Interview on 3AW, Breakfast with Ross Stevenson

  • Transcript, E&OE
Topics: Impact of Border Closures on State Economies and Tourism.

Ross Stevenson: As we know, the Queensland Premier Annastacia Palaszczuk said that border closures are not hurting Queensland’s economy. We’ll see whether the Minister for Tourism, federally, Simon Birmingham agrees. Minister, good morning to you.

Simon Birmingham: Morning, Ross. Great to speak with you.

Ross Stevenson: Hey, is it hurting Queensland?

Simon Birmingham: The border closures are hurting every state where they’re in place, and they’re hurting the tourism industry right across the country. And Queensland is one of our most tourism dependent economies, with so many small businesses and jobs relying on tourism up there. And so, what we want to see as a Federal Government is the states and territories open up again safely, and so that we can save some of these tourism business and tourism jobs by getting Australians moving again.

Ross Stevenson: I’ve lived in Victoria most of my life, but I'm originally from Queensland, Minister, and I know that there's nothing they like more than the sense they get that they might be annoying people from the South.

Simon Birmingham: Well look, they can be annoyed if they like. But I’ve got to say, I’m speaking to plenty of Queensland tourism operators, and tourism operators from right around Australia right now, and one in 13 Australian jobs is relying on our tourism industry. I think everybody accepts that we can't possibly throw open our international borders right now, because that's been such a key part of our success in suppressing COVID-19 by having those strict international restrictions. But we can let Australians travel across the country. And what I want to see is that Australians who spend $20 billion more on overseas travel this year than people coming to Australia to spend, I want to see some of that money flush through our tourism businesses to save the jobs of the people who rely on them.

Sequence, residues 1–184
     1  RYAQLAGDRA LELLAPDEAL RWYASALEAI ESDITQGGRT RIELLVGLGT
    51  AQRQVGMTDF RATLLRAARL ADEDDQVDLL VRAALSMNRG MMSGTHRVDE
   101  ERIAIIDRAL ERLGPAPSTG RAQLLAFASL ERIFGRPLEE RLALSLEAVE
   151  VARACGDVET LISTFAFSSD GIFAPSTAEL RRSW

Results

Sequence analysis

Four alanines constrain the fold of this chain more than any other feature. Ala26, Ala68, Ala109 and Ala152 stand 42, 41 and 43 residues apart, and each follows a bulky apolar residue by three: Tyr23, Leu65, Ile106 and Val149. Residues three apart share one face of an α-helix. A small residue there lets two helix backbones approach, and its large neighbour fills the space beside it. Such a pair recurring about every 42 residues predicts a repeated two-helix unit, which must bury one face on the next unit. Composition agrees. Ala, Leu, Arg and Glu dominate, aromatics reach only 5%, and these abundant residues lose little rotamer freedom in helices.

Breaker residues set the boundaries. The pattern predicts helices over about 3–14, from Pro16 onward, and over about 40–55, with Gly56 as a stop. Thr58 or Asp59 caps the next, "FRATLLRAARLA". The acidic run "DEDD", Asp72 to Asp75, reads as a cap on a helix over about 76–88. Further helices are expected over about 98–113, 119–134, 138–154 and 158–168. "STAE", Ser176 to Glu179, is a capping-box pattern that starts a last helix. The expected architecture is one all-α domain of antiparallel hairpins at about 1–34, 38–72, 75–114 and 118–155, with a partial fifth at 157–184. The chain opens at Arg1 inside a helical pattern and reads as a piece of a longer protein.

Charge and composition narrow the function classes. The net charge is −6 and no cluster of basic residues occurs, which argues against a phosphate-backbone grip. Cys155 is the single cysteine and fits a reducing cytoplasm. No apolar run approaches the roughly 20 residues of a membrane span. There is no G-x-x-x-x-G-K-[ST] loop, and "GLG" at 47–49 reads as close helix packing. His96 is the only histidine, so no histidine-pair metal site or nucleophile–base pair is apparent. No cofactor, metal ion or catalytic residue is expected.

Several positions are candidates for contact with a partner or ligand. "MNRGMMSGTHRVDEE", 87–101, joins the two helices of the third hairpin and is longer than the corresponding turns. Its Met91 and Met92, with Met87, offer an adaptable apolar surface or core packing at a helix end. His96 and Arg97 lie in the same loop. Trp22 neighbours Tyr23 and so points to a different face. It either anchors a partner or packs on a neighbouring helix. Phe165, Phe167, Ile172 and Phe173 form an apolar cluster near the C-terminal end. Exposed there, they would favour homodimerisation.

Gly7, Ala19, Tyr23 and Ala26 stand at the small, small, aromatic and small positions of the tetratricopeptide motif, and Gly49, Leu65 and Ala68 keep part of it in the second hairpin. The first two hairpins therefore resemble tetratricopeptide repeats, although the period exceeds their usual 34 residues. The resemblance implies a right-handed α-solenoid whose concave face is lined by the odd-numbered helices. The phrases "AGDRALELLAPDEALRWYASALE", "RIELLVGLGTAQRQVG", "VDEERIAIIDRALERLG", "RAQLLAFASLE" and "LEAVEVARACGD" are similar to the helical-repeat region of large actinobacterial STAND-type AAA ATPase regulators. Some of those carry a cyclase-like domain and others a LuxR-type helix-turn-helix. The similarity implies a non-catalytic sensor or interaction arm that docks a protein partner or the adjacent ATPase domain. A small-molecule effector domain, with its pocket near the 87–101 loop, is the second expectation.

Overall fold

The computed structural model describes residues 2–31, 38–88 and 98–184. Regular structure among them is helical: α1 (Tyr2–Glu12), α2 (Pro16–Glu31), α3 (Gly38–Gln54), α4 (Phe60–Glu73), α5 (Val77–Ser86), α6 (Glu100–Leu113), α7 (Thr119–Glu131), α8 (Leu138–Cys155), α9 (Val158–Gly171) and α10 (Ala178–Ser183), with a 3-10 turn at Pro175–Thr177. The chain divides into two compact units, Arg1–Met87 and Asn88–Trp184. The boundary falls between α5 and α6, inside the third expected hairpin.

Ross Stevenson: Is there any power that the Commonwealth has to direct the states to open their borders? It seems to me that it's unconstitutional.

Simon Birmingham: Well look, there are some constitutional challenges afoot in this regard, and the Federal Government has made clear that we will be a participant in those High Court proceedings, and that we will outline our views that current border closures are not justified. But ultimately, that will be a matter for the court. However, I hope it doesn't come to that; nobody wants to wait around and spend lots of money on lawyers in the meantime. Every single Australian state has had enormous success in suppressing the spread of COVID. Even Victoria, yes, there were 21 cases yesterday, but 15 of those were in hotel quarantine facilities as returning international travelers.

Ross Stevenson: Yeah. And I don't know whether you need the state by state breakdown of deaths; Victoria has had only 19 coronavirus deaths for the whole pandemic, which leads me to my next question, Minister. Every morning I get up, I look at to see the figures from around the world — for example, 753 Americans died yesterday, thousand Brazilians died. I can't begin to imagine when we would open our international borders, can you see it in your crystal ball?

Simon Birmingham: I think it's going to take a major breakthrough, like a vaccine or some other way of managing this. And you're dead right; the international borders have been a key factor, quite possibly the most important decision taken to keep Australia safe and to ensure that we've avoided the devastating statistics you read out. You know, think back to those images of a mass grave in New York, of overflowing hospitals throughout Europe. Scott Morrison defied World Health Organization advice at the time by shutting Australian borders, but I think most Australians are pretty grateful he did right now.

Ross Stevenson: Minister, we know you're doing a lot of media, we're grateful for your time. Simon Birmingham Minister for Tourism.

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